WHAM 13's Evan Dawson: High Speed Rail = Fast Ferry

WHAM 13's Evan Dawson: High Speed Rail = Fast Ferry

This article was scraped from Rochester Subway. This is a blog about Rochester history and urbanism has not been published since 2017. The current owners are now publishing link spam which made me want to preserve this history.. The original article was published April 15, 2010 and can be found here.

Rochester's outdated Amtrak Station. (photo: www.thebluecomet.com)

   Last Friday (April 9, 2010) Louise Slaughter held a press conference at Rochester's Amtrak Station along with Transportation Secretary Ray LaHood to officially announce the arrival of High Speed Rail to Western NY. In addition to the track improvements made possible by $151 million in federal stimulus money, Slaughter said Rochester's outdated Amtrak station will receive modest updates to the building and platform. She also announced that Amtrak, Greyhound, and Trailways (who were in attendance) were committed to building a new multimodal station as a separate project. Also in attendance was WHAM 13's     Evan Dawson    [      [email protected]    ].     Dawson    asked some tough questions. For example, "Who will subsidize the project?" Good one     Dawson    . Hey, does WHAM have any openings? I'd like to apply.

So this past Monday     Dawson    posted his commentary,      High Speed Rail: Fast Forward, Not Fast Ferry... Right?    It's quite the masterpiece. The article points to a list of questions that he'd like answers to. But since he hasn't found the answers yet... he'll just assume that these upgrades to the nation's rail system are unnecessary and will be the next "fast ferry".

While I applaud     Dawson's    quest to find answers to certain outstanding questions, I take issue with his use of metaphor. And since WHAM doesn't allow user comments on their site anymore, I had to send him this email in order to let him know how I felt...

Mr. Dawson,

I was at the High Speed Rail press conference last Friday and I was pretty disappointed in your choice of questions for Congresswoman Slaughter. You asked what operational costs for HSR would be... Then you asked "Who will subsidize the project if that ridership projection is not met?" I thought you were missing the big picture when I heard the questions come out of your mouth. Then I saw your article on WHAM.com entitled "High Speed Rail: Fast Forward, Not Fast Ferry... Right?" and I now I see you're missing more than I thought.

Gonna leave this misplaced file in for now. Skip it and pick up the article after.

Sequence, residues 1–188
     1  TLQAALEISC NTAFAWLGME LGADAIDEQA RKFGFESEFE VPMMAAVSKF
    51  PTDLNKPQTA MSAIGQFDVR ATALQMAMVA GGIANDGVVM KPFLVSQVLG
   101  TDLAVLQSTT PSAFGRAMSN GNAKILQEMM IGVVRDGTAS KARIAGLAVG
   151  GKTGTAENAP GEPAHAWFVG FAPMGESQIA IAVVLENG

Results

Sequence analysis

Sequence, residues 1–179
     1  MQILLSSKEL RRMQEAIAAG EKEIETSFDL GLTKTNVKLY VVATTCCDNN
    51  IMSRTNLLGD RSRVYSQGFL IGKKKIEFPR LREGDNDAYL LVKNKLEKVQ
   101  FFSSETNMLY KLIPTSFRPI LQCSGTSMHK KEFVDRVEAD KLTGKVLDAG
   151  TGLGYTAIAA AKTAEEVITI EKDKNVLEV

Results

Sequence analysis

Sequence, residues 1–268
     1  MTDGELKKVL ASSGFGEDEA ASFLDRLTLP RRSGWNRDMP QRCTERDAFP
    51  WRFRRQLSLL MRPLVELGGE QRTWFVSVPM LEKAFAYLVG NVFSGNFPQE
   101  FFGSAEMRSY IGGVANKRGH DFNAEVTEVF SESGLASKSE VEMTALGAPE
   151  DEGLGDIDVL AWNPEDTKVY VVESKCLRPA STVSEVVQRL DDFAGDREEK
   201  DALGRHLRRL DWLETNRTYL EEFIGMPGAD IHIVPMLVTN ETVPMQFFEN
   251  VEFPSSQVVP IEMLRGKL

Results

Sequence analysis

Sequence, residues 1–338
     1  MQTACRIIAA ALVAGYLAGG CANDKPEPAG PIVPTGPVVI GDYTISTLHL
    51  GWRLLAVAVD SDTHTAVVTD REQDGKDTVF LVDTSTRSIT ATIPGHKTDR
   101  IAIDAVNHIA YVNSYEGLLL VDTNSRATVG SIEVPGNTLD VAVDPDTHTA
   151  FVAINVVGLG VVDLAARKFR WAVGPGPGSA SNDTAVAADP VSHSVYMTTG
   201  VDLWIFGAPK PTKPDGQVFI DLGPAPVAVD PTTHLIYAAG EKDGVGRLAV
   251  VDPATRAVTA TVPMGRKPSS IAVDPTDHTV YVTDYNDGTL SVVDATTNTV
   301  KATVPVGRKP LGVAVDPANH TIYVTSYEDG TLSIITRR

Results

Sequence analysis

It is one thing to ask questions. It's quite another to paint every public project as a "Fast Ferry" a.k.a. Doomed to Fail. This has very dangerous implications for our area. But I guess that's the easy way for a Rochester "journalist" to catch people's attention. LOOK OUT, FAST FERRY! I'm sure it works every time.

HSR is no fast ferry. The ferry was built on pure speculation. We tried it, it didn't work, and we took a loss. That's business and the city learned a lesson. Hopefully that lesson was 'try harder and plan better next time'.

This nationwide project is about bringing the country's existing transportation system into the 21st century AND for us, making sure that Rochester is connected to that system so we don't get left in the dust.

So I'd like to know, where is your news story asking why the stimulus bill included $26,725,000,000 for highway infrastructure investments?

Why haven't you asked the federal government why we still pay 80 to 90 percent of the cost for new highway projects regardless of whether or not those highways are actually needed?

Who pays for the upkeep of those roads? We all do... it doesn't matter whether or not you own a car or you even use those roads. Roads, highways, buses, trains, even airlines and airports are all subsidized. But where's your article entitled "Greater Rochester International Airport, Not Fast Ferry... Right?"

I know that you know that this project is about way more than fast trains. If you care at all about Rochester and our region I'd please ask that you think twice before using the fast ferry as a scare tactic. This town desperately needs to move on.

-Mike Governale

Now I think I'll go eat some Oreos and wait for a reply. Stay tuned. And if you'd like to send Evan Dawson your thoughts, please email him at      [email protected]    or     leave a comment    below.

Chris Gemignani

Chris Gemignani

Rochester, NY, USA